Meet the black chef who is revitalizing the Northern Virginia food scene
Although it just opened in January this year, Ada’s On The River in the old town of Alexandria has already been the subject of glowing profiles in national publications and has been dubbed one of the best restaurants in the area. Washington DC metropolitan area.
The reason? Ada’s secret weapon: Chief Randall Matthews.
The executive chef and a native of District Heights, MD, has taken the lead on the restaurant’s menu which includes premium wood-fired steaks, fresh seafood, and vegetarian options – all with stunning views of the Potomac River. In short, the food is delicious. But in a city often overshadowed by its neighboring DC sister, her efforts are no small feat, coupled with the fact that just 14.7% of chefs and chefs identify themselves as black, the lowest percentage in the world. category by gender, race, and ethnicity, according to a 2020 U.S. Bureau of Labor Statistics study. But Matthews does it and does it good.
Over the past two years, Northern Virginia – Alexandria in particular – has spawned a food scene that rivals that of New York, DC, Philadelphia and its other east coast neighbors, thanks to the parent company from Ada to Alexandria Restaurant Partners, the magic behind other hot spots The Majestic and Vola’s Dockside Grill.
Matthews’ talents began at the Greenbrier Hotel & Resort in White Sulfur Springs, West Virginia, and he has gone through chef positions at Country Club in Woodmore, Bourbon Steak, Four Seasons Hotel Washington, DC, and True Food. Kitchen, before making his way to Ada. For ESSENCE, Randall talks about the challenges of being a black chef in a competitive culinary landscape, the inspiration behind his culinary creations at Ada, and tips for other up-and-coming black chefs.
Can you start by telling us a bit about yourself, who you are and how you got into the kitchen?
Growing up, I always had an interest in cooking – I spent time with my mom and grandmother helping them in the kitchen. In college, I played soccer, but decided it wasn’t for me. I then started working in restaurants, doing internships with different mentors and enrolling in the CIA (Culinary Institute of America).
What are some of the challenges facing the restaurant industry, especially for black chefs?
Coherence – in the sense of what the role entails. It’s different for black leaders. You know you have to work really hard. Being a minority, you are always “chosen last”, so the challenge is to double or triple the work just to make yourself visible.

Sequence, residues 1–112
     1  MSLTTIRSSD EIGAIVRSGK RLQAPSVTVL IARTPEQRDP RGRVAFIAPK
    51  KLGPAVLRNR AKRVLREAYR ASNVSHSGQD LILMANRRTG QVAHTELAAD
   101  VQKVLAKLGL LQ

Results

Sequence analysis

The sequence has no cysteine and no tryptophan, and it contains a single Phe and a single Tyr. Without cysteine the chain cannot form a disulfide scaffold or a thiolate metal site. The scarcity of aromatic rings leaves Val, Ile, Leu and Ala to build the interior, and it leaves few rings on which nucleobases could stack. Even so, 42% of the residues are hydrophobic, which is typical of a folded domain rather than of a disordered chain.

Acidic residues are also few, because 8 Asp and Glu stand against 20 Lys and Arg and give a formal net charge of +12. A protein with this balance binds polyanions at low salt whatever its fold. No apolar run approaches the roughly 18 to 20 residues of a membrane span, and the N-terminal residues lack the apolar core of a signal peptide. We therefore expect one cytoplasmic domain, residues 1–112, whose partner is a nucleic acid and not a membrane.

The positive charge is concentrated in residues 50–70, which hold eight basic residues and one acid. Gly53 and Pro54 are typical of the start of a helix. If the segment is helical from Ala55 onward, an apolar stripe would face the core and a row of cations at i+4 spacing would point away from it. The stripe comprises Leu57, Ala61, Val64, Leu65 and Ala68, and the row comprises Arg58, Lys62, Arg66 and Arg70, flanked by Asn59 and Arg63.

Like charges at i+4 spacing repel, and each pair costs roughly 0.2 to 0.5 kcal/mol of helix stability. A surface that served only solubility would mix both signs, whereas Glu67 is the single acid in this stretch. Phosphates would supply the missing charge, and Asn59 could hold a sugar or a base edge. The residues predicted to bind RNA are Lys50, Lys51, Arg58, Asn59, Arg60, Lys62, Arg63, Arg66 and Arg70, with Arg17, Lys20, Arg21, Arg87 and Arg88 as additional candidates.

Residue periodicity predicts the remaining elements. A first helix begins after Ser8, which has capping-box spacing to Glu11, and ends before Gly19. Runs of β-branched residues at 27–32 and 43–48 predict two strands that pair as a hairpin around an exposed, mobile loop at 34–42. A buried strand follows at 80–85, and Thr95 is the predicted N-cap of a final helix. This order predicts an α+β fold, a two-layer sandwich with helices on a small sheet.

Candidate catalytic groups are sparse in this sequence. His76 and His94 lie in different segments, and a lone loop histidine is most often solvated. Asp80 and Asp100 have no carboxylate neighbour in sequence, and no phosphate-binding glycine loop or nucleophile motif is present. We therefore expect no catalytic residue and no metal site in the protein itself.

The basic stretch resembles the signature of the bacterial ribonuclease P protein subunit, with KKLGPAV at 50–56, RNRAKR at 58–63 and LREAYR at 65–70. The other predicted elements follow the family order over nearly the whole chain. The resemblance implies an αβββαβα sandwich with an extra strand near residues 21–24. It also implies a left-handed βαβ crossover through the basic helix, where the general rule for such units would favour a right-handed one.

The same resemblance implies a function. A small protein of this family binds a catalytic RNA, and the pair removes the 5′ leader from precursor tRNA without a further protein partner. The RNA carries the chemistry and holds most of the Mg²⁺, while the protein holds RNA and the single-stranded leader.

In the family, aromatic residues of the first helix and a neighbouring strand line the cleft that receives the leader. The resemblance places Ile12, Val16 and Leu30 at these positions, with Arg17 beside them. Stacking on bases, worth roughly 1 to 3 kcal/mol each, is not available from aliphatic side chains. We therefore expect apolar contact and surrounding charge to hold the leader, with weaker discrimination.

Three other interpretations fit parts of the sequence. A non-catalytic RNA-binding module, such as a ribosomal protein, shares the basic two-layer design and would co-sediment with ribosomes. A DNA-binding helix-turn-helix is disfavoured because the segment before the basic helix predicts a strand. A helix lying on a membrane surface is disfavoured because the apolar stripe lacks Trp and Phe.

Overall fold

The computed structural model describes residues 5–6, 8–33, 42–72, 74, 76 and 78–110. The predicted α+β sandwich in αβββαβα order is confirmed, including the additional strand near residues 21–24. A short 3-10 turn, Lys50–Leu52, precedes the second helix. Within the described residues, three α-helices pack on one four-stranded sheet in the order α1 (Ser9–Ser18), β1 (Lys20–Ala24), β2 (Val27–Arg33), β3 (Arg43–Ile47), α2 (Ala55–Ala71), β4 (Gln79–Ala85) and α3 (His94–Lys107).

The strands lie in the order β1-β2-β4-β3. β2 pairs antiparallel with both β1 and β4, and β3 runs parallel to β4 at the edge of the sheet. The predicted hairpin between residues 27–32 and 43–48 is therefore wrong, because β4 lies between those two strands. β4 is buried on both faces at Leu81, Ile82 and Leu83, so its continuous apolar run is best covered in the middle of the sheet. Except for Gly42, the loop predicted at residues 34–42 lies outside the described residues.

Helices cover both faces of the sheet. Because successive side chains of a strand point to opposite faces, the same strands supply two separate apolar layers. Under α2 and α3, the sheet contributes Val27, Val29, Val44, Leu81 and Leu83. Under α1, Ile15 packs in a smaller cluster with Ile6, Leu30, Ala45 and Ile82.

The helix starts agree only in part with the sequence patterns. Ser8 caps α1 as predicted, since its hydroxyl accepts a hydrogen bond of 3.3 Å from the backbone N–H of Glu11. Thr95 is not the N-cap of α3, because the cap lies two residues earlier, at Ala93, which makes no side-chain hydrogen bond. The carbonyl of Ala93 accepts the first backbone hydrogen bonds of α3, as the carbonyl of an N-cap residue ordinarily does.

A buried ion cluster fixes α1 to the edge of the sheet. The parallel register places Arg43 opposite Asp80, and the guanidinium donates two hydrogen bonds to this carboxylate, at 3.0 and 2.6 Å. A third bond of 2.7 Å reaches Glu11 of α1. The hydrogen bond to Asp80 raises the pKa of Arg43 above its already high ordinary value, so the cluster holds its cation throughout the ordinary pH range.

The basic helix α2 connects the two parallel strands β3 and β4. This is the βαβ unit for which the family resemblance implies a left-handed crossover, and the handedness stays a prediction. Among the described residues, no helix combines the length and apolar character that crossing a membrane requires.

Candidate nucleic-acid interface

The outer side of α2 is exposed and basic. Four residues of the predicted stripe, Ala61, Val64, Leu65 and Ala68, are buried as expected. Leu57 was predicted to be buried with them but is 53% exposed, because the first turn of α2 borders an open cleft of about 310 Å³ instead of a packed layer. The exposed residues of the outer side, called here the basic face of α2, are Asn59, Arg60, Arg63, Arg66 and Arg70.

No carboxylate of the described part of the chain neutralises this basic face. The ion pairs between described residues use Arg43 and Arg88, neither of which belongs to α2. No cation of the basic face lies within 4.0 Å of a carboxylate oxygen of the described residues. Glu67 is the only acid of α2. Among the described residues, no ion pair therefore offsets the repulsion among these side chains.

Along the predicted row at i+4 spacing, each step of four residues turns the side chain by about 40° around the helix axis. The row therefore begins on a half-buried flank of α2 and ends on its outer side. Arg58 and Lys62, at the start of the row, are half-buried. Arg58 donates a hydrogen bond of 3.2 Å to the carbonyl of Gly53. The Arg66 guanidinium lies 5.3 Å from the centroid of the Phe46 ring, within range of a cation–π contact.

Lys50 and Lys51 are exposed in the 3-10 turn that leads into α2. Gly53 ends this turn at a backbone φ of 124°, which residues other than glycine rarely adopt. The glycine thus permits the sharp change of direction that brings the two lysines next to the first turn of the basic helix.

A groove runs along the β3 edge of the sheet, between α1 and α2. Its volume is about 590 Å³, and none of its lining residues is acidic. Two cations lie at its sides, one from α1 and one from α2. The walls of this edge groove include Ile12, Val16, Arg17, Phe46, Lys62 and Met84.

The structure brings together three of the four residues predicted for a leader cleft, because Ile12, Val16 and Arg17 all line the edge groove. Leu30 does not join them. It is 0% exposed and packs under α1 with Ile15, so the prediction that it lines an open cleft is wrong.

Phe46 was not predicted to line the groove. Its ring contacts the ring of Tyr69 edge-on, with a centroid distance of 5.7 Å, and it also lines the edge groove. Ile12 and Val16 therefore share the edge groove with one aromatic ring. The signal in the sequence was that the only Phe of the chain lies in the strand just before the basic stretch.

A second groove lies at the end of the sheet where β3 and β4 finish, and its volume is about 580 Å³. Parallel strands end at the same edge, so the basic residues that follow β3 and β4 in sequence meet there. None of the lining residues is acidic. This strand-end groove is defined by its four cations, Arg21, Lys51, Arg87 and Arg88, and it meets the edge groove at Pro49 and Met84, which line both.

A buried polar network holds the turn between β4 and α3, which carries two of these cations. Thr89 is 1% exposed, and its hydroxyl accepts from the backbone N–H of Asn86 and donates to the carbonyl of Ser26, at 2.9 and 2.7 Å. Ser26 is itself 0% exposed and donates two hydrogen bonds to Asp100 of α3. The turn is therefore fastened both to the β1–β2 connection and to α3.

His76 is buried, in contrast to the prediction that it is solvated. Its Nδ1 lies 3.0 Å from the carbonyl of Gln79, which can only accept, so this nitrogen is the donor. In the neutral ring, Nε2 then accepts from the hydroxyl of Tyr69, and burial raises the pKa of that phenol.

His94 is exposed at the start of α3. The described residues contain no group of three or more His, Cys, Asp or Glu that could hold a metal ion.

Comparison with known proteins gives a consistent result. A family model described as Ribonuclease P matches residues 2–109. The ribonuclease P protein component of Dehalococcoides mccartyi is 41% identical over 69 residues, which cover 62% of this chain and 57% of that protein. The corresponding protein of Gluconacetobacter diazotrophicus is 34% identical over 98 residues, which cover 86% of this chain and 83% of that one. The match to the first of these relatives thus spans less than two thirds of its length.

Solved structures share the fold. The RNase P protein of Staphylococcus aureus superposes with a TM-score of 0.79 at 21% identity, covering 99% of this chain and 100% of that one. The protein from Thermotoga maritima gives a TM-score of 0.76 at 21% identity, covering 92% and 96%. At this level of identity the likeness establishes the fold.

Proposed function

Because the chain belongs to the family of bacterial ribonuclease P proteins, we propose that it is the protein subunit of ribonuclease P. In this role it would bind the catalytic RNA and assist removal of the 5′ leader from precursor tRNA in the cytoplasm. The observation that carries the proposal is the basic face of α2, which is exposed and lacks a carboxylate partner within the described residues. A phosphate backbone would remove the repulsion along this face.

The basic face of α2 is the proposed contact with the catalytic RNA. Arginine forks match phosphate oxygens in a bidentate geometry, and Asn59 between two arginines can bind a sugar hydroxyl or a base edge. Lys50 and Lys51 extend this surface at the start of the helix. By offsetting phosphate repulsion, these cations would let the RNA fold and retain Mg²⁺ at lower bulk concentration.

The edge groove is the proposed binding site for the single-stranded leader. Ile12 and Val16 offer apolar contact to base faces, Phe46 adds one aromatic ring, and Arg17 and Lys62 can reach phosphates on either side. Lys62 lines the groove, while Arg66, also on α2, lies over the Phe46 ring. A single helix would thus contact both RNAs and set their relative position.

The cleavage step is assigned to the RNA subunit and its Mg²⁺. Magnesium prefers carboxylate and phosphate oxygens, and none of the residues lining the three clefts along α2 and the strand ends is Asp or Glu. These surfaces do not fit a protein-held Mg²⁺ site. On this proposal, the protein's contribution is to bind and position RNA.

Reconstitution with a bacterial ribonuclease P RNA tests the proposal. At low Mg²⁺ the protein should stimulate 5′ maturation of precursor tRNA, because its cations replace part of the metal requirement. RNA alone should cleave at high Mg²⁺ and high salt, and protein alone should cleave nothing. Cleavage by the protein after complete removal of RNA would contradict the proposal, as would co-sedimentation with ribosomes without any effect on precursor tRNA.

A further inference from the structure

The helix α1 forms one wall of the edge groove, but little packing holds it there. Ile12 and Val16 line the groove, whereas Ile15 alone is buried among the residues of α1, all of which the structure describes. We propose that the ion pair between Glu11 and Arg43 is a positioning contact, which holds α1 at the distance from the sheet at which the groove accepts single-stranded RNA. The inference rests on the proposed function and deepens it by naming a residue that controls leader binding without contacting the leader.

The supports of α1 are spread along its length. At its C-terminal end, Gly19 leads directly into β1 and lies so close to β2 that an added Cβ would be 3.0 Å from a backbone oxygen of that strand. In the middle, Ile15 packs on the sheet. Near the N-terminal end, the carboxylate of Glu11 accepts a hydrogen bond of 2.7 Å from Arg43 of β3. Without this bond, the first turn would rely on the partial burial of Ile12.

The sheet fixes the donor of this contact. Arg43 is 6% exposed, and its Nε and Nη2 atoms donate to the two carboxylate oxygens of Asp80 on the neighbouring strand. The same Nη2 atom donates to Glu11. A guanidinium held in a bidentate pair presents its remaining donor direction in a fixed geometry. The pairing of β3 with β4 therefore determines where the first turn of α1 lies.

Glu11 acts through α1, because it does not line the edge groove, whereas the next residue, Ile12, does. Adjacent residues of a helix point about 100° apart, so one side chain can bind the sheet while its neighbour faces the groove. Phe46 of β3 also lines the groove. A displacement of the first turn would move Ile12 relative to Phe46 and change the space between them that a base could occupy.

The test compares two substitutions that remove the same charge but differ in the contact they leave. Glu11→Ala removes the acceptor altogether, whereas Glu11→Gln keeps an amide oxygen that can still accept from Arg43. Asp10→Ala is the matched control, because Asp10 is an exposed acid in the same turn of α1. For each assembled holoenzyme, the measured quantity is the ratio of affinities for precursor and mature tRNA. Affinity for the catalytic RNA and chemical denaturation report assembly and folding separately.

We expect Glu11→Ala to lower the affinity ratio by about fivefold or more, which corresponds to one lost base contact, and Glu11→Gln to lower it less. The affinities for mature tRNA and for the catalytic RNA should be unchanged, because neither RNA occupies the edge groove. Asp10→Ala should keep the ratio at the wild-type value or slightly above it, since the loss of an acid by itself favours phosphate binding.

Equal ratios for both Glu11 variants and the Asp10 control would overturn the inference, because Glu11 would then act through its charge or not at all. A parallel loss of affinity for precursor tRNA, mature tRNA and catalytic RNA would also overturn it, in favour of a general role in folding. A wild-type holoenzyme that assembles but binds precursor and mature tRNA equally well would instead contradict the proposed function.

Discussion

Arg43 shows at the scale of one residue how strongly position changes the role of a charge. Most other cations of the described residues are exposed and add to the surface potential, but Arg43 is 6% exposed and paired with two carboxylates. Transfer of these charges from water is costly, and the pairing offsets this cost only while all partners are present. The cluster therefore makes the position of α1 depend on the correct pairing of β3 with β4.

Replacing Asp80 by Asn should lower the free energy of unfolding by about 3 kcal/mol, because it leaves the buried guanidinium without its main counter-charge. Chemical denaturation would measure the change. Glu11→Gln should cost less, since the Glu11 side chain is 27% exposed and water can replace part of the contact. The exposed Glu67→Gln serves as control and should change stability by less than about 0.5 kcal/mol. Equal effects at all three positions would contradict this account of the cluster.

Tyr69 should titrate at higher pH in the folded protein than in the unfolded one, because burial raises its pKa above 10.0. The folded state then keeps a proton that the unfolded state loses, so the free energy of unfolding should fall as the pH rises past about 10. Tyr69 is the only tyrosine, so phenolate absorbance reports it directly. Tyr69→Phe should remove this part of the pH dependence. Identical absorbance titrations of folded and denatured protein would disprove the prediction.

What do you think helped you survive the challenge that has overcome so many other black leaders?
I find out what my “why” was. Like, “why are you here?” or what is the end goal? My “whys” help me persevere – my future, my family, my goals. I know this sounds cliché, but my personal goal is to open my own restaurant. But I want mine to be the one who gives back to the community. Where the profits are used to fund things like a school or community center. I want to mentor young people on cooking and working in the hospitality industry. So that they see that they have options for the future.
What is the value of a good dining experience?
A good dining experience begins when you first walk into a restaurant. It starts when you first walk in – from reception to service. It should be clean, organized, warm and comforting. Then the food has to be memorable, with robust flavors and ingredients. It (the service and the food) has to go above a certain standard to really make it a memorable experience.
Blacks have often been excluded from food history. Do you think there is a change looming now?
I don’t know if I still call it a change, but I see more cultural understanding. It’s deeper now than 5 years ago, but there is still a long way to go. For example, where you only saw French, people are now including African and Haitian cuisine in the conversation. There is not yet full awareness.
What inspired the menu at Ada?
The menu is inspired by a mixture of my education and my experience. It’s larger family dishes like pasta and lasagna that are influenced by my travels. My travel experience around the world has helped me hone my skills when creating and plating a dish.
What’s your favorite ingredient or signature?
What advice would you give to black cooks new to gastronomy?
Stay the course. Gastronomy has changed, expectations have changed, the management style has changed. I would say be persistent and stay the course. For me, finding a mentor made all the difference.